Late in the 19th century and throughout the first half of the 20th century, Arab nationalism was in the ascendancy due to the impact of Western culture, which was brought to the Middle East by France and Britain. The collapse of the Ottoman Caliphate in the aftermath of the First World War brought European colonialism to the Middle East. Nationalism became the means for the Muslim majorities and the Eastern Christian minorities to achieve their independence from Britain and France.

Soon after independence, the Middle East was jolted by the birth of Israel on 15 May 1948. Military dictatorships took over power from the 'parliamentarian' regimes that had been bequeathed by the former colonial powers. These visionary and inexperienced 'colonels' looked to the Soviet Union for inspiration as they attempted to modernize their societies and to defeat Israel. This dream was shattered in the 1967 June war. Socialism proved bankrupt. Islamic Fundamentalism was reborn as a result of the Defeat.

After the death of Colonel Nasser, Anwar Sadat succeeded him. He adopted a policy of "opening" to the West, while discarding every sort of socialist program that was adopted by his predecessor. He had the courage to sign a peace treaty with Israel. He did not live long after that. Radical Islamists within the Egyptian Army assassinated him ten years later, and declared war on every leader in the Muslim world that would dare to recognize Israel's right to exist.

Fearful of meeting a similar end like Anwar Sadat, Arab and Muslim rulers began to appease the militants. When some intellectuals dared to challenge the Islamists, their fate was sealed. They died at the hand of an assassin's bullet. The moderates were silenced. Moderate governments could not or did not rein in the Islamists.

What kind of a world awaits us in this first decade of the 21st century?

Based on my study of Arabic and Western sources, I conclude that the forecast is for very "turbulent" times. Unless we succeed in convincing the present leaders of the Muslim world to adopt measures that would benefit the masses and at the same time, curb the activities of the radicals, the future for our world is extremely dark.

And how do we convince the leaders of the Muslim World to work hard so that the drift toward global terrorism is brought to an end?

Let me offer my "Modest Proposal."

The leaders of the Western nations should call a conference (outside the auspices of the UNO) to deal with the current state of global disorder. The following states should be invited:

The Western Nations of North America and Europe
Russia and the Ukraine
India and China
The Muslim States

The goal of the conference should be: The Peaceful Coexistence of Islam with the Rest of the World.

The agenda should deal with the urgent needs of the Islamic world. They are, the lack of water resources, weak agricultural output, desertification, population explosion (doubling at the rate of every twenty years), and the inadequacy of reliance on one major source of income such as oil.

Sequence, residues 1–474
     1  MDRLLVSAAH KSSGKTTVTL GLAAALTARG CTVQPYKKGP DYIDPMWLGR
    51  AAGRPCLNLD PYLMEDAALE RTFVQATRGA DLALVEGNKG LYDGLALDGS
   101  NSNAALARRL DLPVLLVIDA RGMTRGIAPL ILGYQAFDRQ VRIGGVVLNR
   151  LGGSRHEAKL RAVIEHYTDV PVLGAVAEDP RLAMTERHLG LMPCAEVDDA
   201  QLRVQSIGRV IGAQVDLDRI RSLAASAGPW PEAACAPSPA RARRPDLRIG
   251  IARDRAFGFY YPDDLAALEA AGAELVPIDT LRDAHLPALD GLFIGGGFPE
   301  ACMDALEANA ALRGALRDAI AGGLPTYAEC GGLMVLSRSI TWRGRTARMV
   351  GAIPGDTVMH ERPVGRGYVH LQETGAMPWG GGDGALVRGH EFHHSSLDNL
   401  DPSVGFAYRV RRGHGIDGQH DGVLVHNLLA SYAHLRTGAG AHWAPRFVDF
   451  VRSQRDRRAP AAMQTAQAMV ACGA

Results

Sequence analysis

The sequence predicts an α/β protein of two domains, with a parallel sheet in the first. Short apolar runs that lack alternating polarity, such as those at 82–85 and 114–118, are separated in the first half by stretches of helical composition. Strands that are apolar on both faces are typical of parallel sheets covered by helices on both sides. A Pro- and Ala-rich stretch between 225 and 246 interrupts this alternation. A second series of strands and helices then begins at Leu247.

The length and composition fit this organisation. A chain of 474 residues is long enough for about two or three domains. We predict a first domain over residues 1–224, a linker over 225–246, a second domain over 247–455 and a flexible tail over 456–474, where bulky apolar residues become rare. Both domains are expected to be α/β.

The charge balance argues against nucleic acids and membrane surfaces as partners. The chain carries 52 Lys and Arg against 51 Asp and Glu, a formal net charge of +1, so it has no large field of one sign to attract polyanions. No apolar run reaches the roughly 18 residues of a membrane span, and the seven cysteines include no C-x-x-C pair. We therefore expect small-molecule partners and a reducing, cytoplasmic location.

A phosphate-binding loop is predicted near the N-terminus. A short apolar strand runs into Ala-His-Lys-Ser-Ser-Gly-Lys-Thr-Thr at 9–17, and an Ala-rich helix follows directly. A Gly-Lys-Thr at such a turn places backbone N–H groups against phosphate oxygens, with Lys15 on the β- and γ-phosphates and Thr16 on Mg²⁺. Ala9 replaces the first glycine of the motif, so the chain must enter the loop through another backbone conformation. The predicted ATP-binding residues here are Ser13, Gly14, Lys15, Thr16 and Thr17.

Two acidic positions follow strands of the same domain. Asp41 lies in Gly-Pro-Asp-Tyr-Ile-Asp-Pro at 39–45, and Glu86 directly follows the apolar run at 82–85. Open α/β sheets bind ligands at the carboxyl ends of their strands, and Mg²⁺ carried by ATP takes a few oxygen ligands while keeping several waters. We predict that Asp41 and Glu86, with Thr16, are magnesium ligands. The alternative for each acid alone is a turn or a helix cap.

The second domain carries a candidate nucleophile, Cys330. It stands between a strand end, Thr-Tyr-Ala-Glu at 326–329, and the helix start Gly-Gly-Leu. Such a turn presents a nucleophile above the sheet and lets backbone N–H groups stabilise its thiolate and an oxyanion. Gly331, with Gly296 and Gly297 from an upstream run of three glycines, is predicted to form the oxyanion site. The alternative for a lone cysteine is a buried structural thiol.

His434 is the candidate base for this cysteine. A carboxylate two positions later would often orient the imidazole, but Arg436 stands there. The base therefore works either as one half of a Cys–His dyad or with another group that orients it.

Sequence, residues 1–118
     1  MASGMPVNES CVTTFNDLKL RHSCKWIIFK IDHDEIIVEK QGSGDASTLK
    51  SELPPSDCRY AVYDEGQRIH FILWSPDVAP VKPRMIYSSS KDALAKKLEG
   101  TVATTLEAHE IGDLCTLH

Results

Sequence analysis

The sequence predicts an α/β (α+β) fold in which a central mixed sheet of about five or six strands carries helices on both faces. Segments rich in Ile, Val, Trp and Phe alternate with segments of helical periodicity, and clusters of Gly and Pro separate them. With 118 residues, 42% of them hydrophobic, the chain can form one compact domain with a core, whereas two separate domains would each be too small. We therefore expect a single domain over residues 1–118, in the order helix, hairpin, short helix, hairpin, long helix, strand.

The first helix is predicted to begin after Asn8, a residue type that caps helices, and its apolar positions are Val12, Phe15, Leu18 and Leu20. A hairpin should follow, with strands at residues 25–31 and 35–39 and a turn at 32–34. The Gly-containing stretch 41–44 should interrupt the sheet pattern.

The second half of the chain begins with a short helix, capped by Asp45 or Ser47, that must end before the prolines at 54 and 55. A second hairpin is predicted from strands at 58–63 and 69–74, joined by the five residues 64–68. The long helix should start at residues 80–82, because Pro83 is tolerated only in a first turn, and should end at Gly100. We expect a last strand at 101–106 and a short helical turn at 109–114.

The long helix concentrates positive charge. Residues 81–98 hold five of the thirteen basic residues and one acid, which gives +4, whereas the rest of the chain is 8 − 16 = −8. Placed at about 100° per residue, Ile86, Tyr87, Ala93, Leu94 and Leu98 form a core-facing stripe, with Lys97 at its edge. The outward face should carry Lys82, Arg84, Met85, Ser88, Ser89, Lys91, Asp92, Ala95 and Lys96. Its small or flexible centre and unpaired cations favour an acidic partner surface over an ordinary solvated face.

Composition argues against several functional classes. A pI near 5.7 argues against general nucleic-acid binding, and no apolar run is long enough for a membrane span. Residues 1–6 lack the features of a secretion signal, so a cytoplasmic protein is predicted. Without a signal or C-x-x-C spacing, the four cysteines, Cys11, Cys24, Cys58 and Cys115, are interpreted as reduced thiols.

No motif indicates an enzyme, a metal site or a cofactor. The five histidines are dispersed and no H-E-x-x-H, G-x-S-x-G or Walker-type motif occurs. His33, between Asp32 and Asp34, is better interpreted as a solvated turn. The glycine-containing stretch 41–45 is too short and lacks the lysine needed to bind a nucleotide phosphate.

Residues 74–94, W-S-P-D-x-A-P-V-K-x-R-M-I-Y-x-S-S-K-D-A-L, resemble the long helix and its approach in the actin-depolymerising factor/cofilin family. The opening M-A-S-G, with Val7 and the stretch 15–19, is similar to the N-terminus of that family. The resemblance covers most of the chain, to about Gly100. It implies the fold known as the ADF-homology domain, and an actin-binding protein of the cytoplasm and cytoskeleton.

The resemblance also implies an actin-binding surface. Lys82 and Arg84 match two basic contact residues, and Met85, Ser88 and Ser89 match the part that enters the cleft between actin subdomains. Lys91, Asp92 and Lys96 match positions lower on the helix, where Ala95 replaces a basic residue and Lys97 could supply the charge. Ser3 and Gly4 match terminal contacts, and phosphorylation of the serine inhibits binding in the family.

The leaders of the Muslim states should realize that the end of colonialism has brought a new era of global history. No empire can be resurrected from the past. Muslim states, as well as the nations of the Rest, must recognize that we all live in an age of interdependence. We need one another. We have global problems that require global solutions.

We do recognize that it is very hard for Muslims, whose religion has always had a political component, to relinquish the dream of founding another glorious Islamic empire. In the past, they conquered vast areas of Europe, Africa and Asia. It is not easy to ask Muslims to jettison any notion of resurrecting their past glory. But they must. The task before world leaders today is to speak honestly and openly with one another. During the Cold War, the world managed to avoid nuclear catastrophe. In the Post Cold War era, unless the Rest can convince the leaders of the Muslim World to do their utmost to outlaw and disarm the Islamists, the future for all concerned would be too grim to contemplate. The goal of the Marxists of the 20th century was to create an earthly paradise. They failed. The goal of the Islamists is to bring about a perfect world order. This is extremely dangerous. They resort to awful measures of destruction because their worldview contains a supernatural element, which promises them an after-death paradise of bliss and unending pleasure. It allows them to perpetrate unimaginable acts of violence. This is why they are so utterly dangerous!


*Islamist is the new name for the radical Muslims, a name current both in Arabic and in European languages.

** Ibn Hanbal: (780-855) Founder of the fourth Sunni School for the interpretation of the Shari'ah Law of Islam. His school is the most conservative one. The Wahhabi school regards Imam Ibn Hanbal as their spiritual leader. Wahhabism arose in the central parts of Arabia under the leadership of Abdel-Wahhab (1703-1792) and eventually became the official Islamic "school" observed in Saudi Arabia.

*** Al-Ghazzali: A Muslim theologian (d. 1111) who is responsible for the "closing of the door of Ijtihad," i.e., for ending the free theological discussion in Islam.

**** Mu'tazilites: Members of a Muslim intellectual movement in Baghdad during the 800s. They advocated a rationalistic approach to religious matters.